Why Captain Smith’s suit to enforce the War Powers Resolution won’t be a big deal

Last week, Army Captain Nathan Michael Smith filed a federal court suit against President Obama, seeking a declaration that the War Powers Resolution requires the President to remove troops from hostilities against ISIL in Iraq and Syria unless and until Congress authorizes such hostilities.

Over at Lawfare, Jack Goldsmith writes that Smith v. Obama is a “big deal to the extent it provides a possible vehicle for a court to adjudge the legality of [President] Obama’s interpretation” of statutes that are said to authorize the hostilities against ISIL. But he doesn’t think the courts will sustain Smith’s challenge. Jack assumes for the sake of argument that Smith has standing to sue; even so, Jack suggests that the suit might still be dismissed on “political question” grounds; and, in any event, he opines that “[i]f the judiciary does reach the merits of the lawsuit,” the “much more likely outcome is that it would affirm the President’s authority” to direct the troops to fight ISIL.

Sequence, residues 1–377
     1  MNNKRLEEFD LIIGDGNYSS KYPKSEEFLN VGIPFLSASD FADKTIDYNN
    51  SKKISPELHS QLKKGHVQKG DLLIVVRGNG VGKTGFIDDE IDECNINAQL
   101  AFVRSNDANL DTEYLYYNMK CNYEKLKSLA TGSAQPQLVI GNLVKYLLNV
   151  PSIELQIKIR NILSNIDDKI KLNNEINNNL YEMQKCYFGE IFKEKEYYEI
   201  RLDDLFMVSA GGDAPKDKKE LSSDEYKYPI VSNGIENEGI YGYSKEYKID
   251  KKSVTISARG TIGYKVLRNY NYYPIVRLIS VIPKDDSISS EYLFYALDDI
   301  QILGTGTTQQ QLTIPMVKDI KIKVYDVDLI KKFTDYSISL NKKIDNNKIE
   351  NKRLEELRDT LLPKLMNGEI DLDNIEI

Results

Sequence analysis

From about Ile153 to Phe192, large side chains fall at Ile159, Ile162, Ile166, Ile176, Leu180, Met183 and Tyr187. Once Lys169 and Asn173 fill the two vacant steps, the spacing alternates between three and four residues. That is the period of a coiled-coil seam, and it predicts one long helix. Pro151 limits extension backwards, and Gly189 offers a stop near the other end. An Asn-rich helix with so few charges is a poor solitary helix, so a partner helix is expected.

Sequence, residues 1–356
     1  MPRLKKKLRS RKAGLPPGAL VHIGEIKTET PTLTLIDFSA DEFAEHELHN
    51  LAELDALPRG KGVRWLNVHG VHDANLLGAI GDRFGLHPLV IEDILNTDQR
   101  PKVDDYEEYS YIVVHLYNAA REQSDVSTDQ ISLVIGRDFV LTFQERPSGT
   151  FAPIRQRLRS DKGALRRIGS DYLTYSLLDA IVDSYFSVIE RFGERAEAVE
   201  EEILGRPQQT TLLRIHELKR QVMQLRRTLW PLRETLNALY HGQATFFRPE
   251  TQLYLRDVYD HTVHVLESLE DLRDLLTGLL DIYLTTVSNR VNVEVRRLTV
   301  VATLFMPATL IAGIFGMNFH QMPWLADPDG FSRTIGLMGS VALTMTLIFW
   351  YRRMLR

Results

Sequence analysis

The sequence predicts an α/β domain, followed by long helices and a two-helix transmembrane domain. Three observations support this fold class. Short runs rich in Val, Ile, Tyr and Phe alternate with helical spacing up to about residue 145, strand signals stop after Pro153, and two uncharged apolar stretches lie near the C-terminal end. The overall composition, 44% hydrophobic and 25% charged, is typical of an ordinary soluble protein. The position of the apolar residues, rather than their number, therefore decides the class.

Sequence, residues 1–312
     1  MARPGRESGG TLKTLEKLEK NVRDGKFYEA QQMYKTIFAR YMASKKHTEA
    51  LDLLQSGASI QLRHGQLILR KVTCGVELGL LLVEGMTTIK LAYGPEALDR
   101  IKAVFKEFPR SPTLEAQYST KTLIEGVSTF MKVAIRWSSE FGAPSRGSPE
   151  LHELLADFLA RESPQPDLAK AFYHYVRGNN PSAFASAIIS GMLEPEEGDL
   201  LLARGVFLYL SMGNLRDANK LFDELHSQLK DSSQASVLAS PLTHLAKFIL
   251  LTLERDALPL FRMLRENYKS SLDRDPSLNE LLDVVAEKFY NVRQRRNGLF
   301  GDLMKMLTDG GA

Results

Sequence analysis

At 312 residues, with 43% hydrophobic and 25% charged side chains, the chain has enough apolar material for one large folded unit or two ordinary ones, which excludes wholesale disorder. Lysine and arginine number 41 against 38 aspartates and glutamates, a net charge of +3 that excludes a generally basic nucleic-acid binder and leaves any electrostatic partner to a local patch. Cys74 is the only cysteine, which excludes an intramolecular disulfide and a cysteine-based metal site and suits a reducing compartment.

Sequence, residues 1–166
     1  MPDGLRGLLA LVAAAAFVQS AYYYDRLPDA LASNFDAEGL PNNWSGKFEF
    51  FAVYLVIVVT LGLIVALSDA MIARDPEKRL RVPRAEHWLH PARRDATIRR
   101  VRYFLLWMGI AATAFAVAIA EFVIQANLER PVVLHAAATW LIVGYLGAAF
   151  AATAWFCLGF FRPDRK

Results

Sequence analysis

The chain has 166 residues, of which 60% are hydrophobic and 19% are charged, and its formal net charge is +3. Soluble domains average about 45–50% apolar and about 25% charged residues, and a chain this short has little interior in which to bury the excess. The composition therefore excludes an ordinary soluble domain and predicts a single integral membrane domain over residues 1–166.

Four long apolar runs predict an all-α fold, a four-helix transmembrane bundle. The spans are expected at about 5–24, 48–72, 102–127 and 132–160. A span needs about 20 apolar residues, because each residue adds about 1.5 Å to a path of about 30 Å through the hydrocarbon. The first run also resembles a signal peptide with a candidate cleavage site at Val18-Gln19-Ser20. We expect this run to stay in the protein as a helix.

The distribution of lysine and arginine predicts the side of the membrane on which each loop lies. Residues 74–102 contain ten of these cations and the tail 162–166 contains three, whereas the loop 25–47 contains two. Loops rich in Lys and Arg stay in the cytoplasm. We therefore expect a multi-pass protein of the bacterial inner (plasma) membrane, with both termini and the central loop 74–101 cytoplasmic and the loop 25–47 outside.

For reasons I’ll describe briefly below, I think Jack is probably correct that if the courts were to reach the merits, they would conclude that Congress has authorized Operation Inherent Resolve. Like Jack, however, I doubt the courts will reach the merits, not because the suit raises a political question — it doesn’t — but because Captain Smith lacks standing to sue for the declaration he is seeking.

The Merits